1. ^ a b c d e f g h "JPL Small-Body Database Browser: 1031 Arctica (1924 RR)" (2017-01-09 last obs.). Jet Propulsion Laboratory. Retrieved 27 January 2017.
  2. ^ a b c d Schmadel, Lutz D. (2007). "(1031) Arctica". Dictionary of Minor Planet Names – (1031) Arctica. Springer Berlin Heidelberg. p. 89. doi:10.1007/978-3-540-29925-7_1032. ISBN 978-3-540-00238-3.
  3. ^ a b c d "LCDB Data for (1031) Arctica". Asteroid Lightcurve Database (LCDB). Retrieved 27 January 2017.
  4. ^ a b c d Nugent, C. R.; Mainzer, A.; Masiero, J.; Bauer, J.; Cutri, R. M.; Grav, T.; et al. (December 2015). "NEOWISE Reactivation Mission Year One: Preliminary Asteroid Diameters and Albedos". The Astrophysical Journal. 814 (2): 13. arXiv:1509.02522. Bibcode:2015ApJ...814..117N. doi:10.1088/0004-637X/814/2/117. Retrieved 27 January 2017.
  5. ^ a b c d Nugent, C. R.; Mainzer, A.; Bauer, J.; Cutri, R. M.; Kramer, E. A.; Grav, T.; et al. (September 2016). "NEOWISE Reactivation Mission Year Two: Asteroid Diameters and Albedos". The Astronomical Journal. 152 (3): 12. arXiv:1606.08923. Bibcode:2016AJ....152...63N. doi:10.3847/0004-6256/152/3/63. Retrieved 27 January 2017.
  6. ^ a b Masiero, Joseph R.; Grav, T.; Mainzer, A. K.; Nugent, C. R.; Bauer, J. M.; Stevenson, R.; et al. (August 2014). "Main-belt Asteroids with WISE/NEOWISE: Near-infrared Albedos". The Astrophysical Journal. 791 (2): 11. arXiv:1406.6645. Bibcode:2014ApJ...791..121M. doi:10.1088/0004-637X/791/2/121. Retrieved 27 January 2017.
  7. ^ a b c d Tedesco, E. F.; Noah, P. V.; Noah, M.; Price, S. D. (October 2004). "IRAS Minor Planet Survey V6.0". NASA Planetary Data System. 12: IRAS-A-FPA-3-RDR-IMPS-V6.0. Bibcode:2004PDSS...12.....T. Retrieved 27 January 2017.
  8. ^ a b c Mainzer, A.; Grav, T.; Masiero, J.; Hand, E.; Bauer, J.; Tholen, D.; et al. (November 2011). "NEOWISE Studies of Spectrophotometrically Classified Asteroids: Preliminary Results". The Astrophysical Journal. 741 (2): 25. arXiv:1109.6407. Bibcode:2011ApJ...741...90M. doi:10.1088/0004-637X/741/2/90.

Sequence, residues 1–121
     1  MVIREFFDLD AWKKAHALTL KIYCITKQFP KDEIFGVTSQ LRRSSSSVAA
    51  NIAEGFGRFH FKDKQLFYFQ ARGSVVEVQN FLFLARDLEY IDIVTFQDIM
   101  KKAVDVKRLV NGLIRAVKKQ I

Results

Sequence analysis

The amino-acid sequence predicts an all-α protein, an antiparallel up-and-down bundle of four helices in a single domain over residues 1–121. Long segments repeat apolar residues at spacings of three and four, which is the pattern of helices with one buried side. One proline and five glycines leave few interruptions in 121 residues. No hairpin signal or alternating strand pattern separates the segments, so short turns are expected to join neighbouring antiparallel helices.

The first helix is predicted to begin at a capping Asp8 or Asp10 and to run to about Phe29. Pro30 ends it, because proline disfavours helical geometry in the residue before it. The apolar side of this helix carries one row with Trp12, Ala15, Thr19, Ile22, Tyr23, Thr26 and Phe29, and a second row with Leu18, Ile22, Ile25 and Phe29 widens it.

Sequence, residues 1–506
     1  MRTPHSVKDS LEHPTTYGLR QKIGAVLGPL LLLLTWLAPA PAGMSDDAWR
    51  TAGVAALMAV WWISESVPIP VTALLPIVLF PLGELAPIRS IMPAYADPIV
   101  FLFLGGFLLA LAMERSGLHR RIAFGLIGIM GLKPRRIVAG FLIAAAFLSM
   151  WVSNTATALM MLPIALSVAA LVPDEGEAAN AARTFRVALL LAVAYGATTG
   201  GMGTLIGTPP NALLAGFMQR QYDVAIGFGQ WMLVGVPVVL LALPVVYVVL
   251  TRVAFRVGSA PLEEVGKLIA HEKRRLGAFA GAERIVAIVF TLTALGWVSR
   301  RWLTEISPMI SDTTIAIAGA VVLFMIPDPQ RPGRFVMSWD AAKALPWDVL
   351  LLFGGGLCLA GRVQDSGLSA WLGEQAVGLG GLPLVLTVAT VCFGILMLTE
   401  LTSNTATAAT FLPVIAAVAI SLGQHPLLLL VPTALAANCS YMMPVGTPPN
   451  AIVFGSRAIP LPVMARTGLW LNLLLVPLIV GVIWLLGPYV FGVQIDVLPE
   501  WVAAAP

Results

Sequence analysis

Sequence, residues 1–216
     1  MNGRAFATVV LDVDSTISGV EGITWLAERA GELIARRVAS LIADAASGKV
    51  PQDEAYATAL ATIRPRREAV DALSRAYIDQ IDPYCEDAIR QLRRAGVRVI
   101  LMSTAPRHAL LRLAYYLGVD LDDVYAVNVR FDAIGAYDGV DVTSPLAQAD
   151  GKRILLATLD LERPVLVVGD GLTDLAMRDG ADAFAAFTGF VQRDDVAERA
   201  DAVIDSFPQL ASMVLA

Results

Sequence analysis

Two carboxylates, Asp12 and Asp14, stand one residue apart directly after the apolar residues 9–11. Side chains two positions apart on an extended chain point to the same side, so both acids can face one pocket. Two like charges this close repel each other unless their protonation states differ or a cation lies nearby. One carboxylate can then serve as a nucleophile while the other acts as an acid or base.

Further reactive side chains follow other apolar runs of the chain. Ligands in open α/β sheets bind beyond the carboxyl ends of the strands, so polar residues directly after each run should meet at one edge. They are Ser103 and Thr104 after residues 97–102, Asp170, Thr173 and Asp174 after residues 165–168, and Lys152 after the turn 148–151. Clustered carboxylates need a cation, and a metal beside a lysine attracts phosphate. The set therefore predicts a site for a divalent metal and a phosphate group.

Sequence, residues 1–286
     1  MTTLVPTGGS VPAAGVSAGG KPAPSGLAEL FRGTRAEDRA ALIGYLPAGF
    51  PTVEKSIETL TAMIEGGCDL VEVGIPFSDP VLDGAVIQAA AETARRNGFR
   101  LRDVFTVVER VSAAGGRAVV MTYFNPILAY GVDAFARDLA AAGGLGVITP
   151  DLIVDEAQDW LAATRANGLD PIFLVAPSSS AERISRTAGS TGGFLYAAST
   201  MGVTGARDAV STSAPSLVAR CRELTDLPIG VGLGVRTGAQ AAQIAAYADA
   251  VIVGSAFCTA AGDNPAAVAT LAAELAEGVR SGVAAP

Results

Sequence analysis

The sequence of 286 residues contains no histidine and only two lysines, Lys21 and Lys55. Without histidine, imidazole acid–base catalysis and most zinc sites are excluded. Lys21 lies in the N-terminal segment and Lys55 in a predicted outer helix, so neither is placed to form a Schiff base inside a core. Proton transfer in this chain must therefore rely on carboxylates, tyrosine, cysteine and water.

9. ^ a b c d Usui, Fumihiko; Kuroda, Daisuke; Müller, Thomas G.; Hasegawa, Sunao; Ishiguro, Masateru; Ootsubo, Takafumi; et al. (October 2011). "Asteroid Catalog Using Akari: AKARI/IRC Mid-Infrared Asteroid Survey". Publications of the Astronomical Society of Japan. 63 (5): 1117–1138. Bibcode:2011PASJ...63.1117U. doi:10.1093/pasj/63.5.1117. Retrieved 27 January 2017.
  10. ^ a b c Masiero, Joseph R.; Mainzer, A. K.; Grav, T.; Bauer, J. M.; Cutri, R. M.; Nugent, C.; et al. (November 2012). "Preliminary Analysis of WISE/NEOWISE 3-Band Cryogenic and Post-cryogenic Observations of Main Belt Asteroids". The Astrophysical Journal Letters. 759 (1): 5. arXiv:1209.5794. Bibcode:2012ApJ...759L...8M. doi:10.1088/2041-8205/759/1/L8. Retrieved 27 January 2017.
  11. ^ a b di Martino, M.; Dotto, E.; Cellino, A.; Barucci, M. A.; Fulchignoni, M. (July 1995). "Intermediate size asteroids: Photoelectric photometry of 8 objects". Astronomy and Astrophysics Supplement. 112: 1. Bibcode:1995A&AS..112....1D. Retrieved 27 January 2017.
  12. ^ a b c Behrend, Raoul. "Asteroids and comets rotation curves – (1031) Arctica". Geneva Observatory. Retrieved 27 January 2017.
  13. ^ a b "1031 Arctica (1924 RR)". Minor Planet Center. Retrieved 27 January 2017.

External links[edit]